A prime example of this second type of problem solving occurred when the
Internet was at its beginnings, everyone sought to determine how best to
Browsers were problematic, FTP was the prime means of packet transport,
and email might take a day or two, routing was done via Linux and Unix
boxes, only a few even knew it existed, and those that did were
to learn how to use the multitude of new tools each of us were creating.
hacking was a way of learning and the techs would discourage the
occasional marketing efforts with denial of service attacks via telnet
from high speed networks.
The days before the startling giveaway by Netscape of a Browser that
could actually scroll an image to the screen embedded in text. ( 15
minutes at 300 baud to load the page?).
The discovery of just what was the problem, was the problem. Each new
technology brought new lights of experience and surfaced new problems,
but no complete solutions.
What has recently surfaced in this discovery of the problem process is
laws, lawyers, government rule making agencies and their greedy for
clients together with government and their hungry for power over
Time has shown that they are a very large part of the problem.
Insurmountable even because they are attempting to force the technology
fit into their traditional elite-franchised nation state systems and to
segment and control the information environment and to claim ownership
of most of it (Rule: the elite intend to profit from their rule.).
In pre Internet days, rule of law and a system of treaties were enough
maintain complete control of all humanity both domestically and
The Internet has challenged not only the power of the traditional elite
maintain adequate control, but also the viability of the nation state
The Internet is to the nation state system what Martin Luther's post to
the church door was in the 15th century, one more giant leap in the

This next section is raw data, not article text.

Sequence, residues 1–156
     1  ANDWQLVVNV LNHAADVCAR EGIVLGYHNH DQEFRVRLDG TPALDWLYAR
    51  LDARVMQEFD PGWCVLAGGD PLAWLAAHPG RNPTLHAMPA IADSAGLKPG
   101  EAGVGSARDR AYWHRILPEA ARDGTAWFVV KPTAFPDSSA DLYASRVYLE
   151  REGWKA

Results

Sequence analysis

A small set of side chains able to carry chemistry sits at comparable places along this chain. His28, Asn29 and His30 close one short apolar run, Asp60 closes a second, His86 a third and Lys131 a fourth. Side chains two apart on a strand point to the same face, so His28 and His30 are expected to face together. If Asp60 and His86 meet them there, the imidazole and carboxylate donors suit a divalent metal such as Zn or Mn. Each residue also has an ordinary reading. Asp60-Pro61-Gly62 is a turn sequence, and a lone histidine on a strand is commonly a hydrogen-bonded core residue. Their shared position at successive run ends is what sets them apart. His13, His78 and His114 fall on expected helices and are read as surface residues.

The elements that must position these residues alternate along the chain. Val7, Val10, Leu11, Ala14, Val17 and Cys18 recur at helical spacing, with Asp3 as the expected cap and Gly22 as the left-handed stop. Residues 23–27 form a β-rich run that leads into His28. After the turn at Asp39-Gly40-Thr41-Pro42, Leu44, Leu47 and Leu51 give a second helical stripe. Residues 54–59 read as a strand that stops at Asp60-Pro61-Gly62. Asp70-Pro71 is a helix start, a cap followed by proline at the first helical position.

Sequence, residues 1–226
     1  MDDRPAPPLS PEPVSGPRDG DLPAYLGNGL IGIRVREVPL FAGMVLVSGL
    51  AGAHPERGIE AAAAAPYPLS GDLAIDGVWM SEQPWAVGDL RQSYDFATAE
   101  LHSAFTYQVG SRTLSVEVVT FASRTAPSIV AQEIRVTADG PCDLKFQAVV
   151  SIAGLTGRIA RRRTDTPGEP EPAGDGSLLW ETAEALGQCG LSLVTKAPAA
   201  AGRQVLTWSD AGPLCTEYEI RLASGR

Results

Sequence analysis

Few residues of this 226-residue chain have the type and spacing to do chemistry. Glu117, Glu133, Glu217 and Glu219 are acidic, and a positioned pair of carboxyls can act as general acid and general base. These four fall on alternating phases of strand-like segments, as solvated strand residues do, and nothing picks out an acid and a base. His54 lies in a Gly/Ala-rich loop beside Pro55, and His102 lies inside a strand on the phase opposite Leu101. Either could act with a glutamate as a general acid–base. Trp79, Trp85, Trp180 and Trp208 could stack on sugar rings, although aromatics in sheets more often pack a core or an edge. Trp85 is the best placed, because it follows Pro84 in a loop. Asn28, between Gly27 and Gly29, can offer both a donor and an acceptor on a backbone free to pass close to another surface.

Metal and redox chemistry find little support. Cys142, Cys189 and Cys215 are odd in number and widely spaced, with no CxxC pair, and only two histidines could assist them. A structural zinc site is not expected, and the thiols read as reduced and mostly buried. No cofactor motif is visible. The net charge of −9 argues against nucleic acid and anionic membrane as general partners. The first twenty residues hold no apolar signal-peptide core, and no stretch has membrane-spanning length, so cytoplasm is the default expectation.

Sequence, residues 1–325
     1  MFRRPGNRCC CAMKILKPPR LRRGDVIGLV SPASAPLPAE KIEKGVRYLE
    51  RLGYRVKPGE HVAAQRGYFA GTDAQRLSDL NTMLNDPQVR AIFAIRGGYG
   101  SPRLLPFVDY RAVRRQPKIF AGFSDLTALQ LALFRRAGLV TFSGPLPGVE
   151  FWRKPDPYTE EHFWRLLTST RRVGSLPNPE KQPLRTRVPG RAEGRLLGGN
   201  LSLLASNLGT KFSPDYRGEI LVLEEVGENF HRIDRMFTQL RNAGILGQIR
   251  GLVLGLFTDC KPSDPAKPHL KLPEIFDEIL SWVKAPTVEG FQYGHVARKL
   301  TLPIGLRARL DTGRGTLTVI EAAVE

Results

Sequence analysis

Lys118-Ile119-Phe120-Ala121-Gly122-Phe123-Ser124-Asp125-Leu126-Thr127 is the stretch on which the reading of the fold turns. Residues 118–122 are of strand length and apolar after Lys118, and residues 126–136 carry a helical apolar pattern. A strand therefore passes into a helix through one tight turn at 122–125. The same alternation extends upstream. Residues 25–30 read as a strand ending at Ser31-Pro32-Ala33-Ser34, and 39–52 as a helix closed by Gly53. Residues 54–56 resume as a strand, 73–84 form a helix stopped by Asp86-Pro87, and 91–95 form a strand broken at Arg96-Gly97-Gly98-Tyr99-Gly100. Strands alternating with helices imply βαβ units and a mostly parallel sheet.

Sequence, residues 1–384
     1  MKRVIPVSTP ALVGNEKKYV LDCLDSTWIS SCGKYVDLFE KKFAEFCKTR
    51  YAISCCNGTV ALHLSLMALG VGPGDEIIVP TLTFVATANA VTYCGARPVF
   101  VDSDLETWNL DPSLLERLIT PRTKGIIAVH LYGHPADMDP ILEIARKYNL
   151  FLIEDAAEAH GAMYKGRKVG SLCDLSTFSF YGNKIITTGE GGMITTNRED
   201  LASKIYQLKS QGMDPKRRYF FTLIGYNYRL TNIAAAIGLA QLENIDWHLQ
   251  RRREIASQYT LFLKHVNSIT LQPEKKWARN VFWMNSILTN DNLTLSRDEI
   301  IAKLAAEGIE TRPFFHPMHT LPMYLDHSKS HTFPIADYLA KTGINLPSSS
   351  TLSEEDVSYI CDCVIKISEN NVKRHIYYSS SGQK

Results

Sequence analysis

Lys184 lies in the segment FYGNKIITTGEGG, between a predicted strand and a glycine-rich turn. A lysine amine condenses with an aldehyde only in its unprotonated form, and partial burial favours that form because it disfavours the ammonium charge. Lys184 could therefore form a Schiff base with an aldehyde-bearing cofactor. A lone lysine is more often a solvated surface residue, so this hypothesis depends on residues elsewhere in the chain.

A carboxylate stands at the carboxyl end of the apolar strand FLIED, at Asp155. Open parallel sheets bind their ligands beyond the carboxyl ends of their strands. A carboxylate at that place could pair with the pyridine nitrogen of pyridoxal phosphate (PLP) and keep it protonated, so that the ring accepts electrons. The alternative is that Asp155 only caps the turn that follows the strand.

quest to bring full access and full power of control of self to "self".
Unrestricted access to the knowledge, information and technology
that civilization has to offer is a human right to which every single
person alive is entitled.
The Internet has shown that no law, no rule or tradition of property, no
right of nations should be allowed to abridge the human right to it, but
experience has shown that laws, if allowed, will domainate.
Believe you me, the nation state system is gearing up to meet the
challenge. Until recently, few have seen that challenge as a problem in
In the Radio and TV act of 1948 terminated independent free access to
the broadcast spectrum and created the FCC. Thousands had to shut down
their transmitters for lack of license, money or whatever.
Anyone could be a broadcaster but the act restricted broadcasting to
government licensees only. It made it technically and financially
difficult to be a broadcaster. This I believe is about to happen on the
net. Soon internet servers will be licensed by government only to the
who the elite will deem worthy to gate information to the minds of the
many. The government will determine who will filter information and who
will earn profit from serving infomation content.
If ever something was loosely assembled at its bare minimums
it was the Internet and the results thus far have been astounding. Left
unconstrained, the Internet could be the tool that saves humanity from